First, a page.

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    Italy 'Should Return National Currency' to Revive Its Economy

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    Following the victory of Eurosceptics in the British referendum on the country's withdrawal from the EU, many EU critics have intensified their activities and increasingly started to advocate for European disintegration.

    In an interview with Sputnik, leader of the so called Italian movement of Five Stars (M5S) Carlo Sibilia explained why he and his adherents have repeatedly called for a referendum on the country's withdrawal from the euro zone.

    "From the moment of its entry into the euro zone, Italy has been experiencing one of the most difficult periods in its history from an economic point of view. Over 30% of Italian industrial enterprises which were actually keeping the whole country afloat — namely small and medium-sized enterprises — shut down. Our currency is too strong for the type of economy we now have. And it has forced us to buy products that we no longer produce in Italy, abroad because they are cheaper there," Sibilia told Sputnik.

    The politician explained that if a country has a currency stronger than its economy, its manufacturing industry gradually slows down, and then is impossible to revive. According to Sibilia, the European currency is one of the reasons behind the poor economic situation in Italy, and therefore he and his movement call for the country's withdrawal from the euro zone.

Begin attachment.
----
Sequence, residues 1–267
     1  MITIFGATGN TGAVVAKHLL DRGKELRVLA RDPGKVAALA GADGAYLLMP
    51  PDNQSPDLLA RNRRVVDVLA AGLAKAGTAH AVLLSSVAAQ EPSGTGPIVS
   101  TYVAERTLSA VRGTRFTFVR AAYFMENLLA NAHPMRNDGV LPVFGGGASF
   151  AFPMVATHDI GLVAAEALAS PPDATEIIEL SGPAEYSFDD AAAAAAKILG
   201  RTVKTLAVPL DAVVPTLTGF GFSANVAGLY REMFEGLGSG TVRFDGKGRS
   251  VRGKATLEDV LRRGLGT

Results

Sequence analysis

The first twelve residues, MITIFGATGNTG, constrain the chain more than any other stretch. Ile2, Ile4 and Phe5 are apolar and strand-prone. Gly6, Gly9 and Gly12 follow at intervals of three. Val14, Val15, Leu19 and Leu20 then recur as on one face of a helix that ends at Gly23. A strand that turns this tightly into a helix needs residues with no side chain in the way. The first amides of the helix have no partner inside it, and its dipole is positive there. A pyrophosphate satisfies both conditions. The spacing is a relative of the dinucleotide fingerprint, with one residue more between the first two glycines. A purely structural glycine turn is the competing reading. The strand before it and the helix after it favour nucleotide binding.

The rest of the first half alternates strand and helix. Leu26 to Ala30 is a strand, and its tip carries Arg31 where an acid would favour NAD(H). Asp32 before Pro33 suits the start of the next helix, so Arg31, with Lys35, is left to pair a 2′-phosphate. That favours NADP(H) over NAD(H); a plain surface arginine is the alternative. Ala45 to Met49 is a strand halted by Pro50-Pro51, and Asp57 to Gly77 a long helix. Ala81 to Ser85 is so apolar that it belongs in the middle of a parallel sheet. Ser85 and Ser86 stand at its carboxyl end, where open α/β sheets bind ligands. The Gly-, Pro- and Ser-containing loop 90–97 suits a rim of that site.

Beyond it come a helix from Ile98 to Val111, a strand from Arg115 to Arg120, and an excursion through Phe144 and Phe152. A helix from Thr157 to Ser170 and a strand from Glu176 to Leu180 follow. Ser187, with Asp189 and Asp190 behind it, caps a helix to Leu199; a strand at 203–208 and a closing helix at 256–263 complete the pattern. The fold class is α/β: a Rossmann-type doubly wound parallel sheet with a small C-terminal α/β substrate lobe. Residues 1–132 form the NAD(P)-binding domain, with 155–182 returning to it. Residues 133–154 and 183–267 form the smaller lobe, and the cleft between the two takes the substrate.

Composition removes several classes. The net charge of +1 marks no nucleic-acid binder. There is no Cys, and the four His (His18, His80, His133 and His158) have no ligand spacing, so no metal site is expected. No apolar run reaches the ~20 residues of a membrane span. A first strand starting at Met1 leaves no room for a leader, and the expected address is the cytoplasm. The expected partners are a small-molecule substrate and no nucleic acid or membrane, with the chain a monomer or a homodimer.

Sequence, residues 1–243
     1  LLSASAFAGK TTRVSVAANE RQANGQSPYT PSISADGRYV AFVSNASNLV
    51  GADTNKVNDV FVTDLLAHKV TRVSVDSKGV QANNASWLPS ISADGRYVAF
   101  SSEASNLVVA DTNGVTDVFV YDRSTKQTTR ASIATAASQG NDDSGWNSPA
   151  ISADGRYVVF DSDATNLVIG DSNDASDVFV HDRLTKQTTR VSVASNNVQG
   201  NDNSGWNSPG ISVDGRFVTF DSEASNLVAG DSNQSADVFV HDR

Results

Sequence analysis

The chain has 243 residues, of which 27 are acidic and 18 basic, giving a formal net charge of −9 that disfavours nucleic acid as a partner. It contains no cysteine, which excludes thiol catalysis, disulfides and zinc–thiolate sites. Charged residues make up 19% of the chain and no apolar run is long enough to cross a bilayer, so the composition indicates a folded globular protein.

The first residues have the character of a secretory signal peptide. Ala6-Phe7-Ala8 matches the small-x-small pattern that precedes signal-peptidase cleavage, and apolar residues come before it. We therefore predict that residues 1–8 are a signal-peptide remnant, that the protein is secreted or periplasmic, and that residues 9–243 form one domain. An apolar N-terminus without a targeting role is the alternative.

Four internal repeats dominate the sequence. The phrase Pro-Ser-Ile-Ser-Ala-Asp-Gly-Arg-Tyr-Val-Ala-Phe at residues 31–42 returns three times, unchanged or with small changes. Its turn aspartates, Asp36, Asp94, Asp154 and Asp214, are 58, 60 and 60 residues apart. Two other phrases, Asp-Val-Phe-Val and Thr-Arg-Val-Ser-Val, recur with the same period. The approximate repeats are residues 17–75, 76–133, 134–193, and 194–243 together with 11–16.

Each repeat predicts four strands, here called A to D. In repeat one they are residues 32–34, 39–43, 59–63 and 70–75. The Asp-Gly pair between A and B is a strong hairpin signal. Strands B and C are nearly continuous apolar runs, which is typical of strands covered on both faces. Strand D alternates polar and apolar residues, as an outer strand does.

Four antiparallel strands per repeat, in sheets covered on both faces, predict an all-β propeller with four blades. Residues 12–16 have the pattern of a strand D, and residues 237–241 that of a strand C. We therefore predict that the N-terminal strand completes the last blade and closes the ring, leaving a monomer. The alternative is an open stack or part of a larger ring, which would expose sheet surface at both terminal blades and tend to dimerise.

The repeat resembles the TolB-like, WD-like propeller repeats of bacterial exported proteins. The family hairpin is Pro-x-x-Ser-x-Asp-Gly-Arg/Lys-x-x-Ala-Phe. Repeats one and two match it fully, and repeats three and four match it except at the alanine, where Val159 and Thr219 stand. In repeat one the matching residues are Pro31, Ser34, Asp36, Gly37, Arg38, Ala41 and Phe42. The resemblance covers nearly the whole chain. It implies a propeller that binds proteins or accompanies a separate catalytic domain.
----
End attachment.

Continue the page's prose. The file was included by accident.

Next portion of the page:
"We are considering the option of returning to the national currency. We want to give the Italian people their monetary sovereignty back. This is a fundamental question," the politician argued.

    Sibilia also supported the idea of a two-track euro — an option which provides for the existence of other monetary zones within Europe.

    "For example, the economies in Spain and Southern Europe are very similar. And probably the only country in the EU whose economy is very different from other countries, is the German one. The proposal about a two-track euro is now, in my opinion, not very realistic, but we continue to consider this idea," the politician stressed.

    In fact, a "two-track" Europe is already a reality because not all EU members entered the euro zone. The "two-track" principle, however, had long been taboo for supporters of closer integration, because this principle could undermine the idea of a united Europe.

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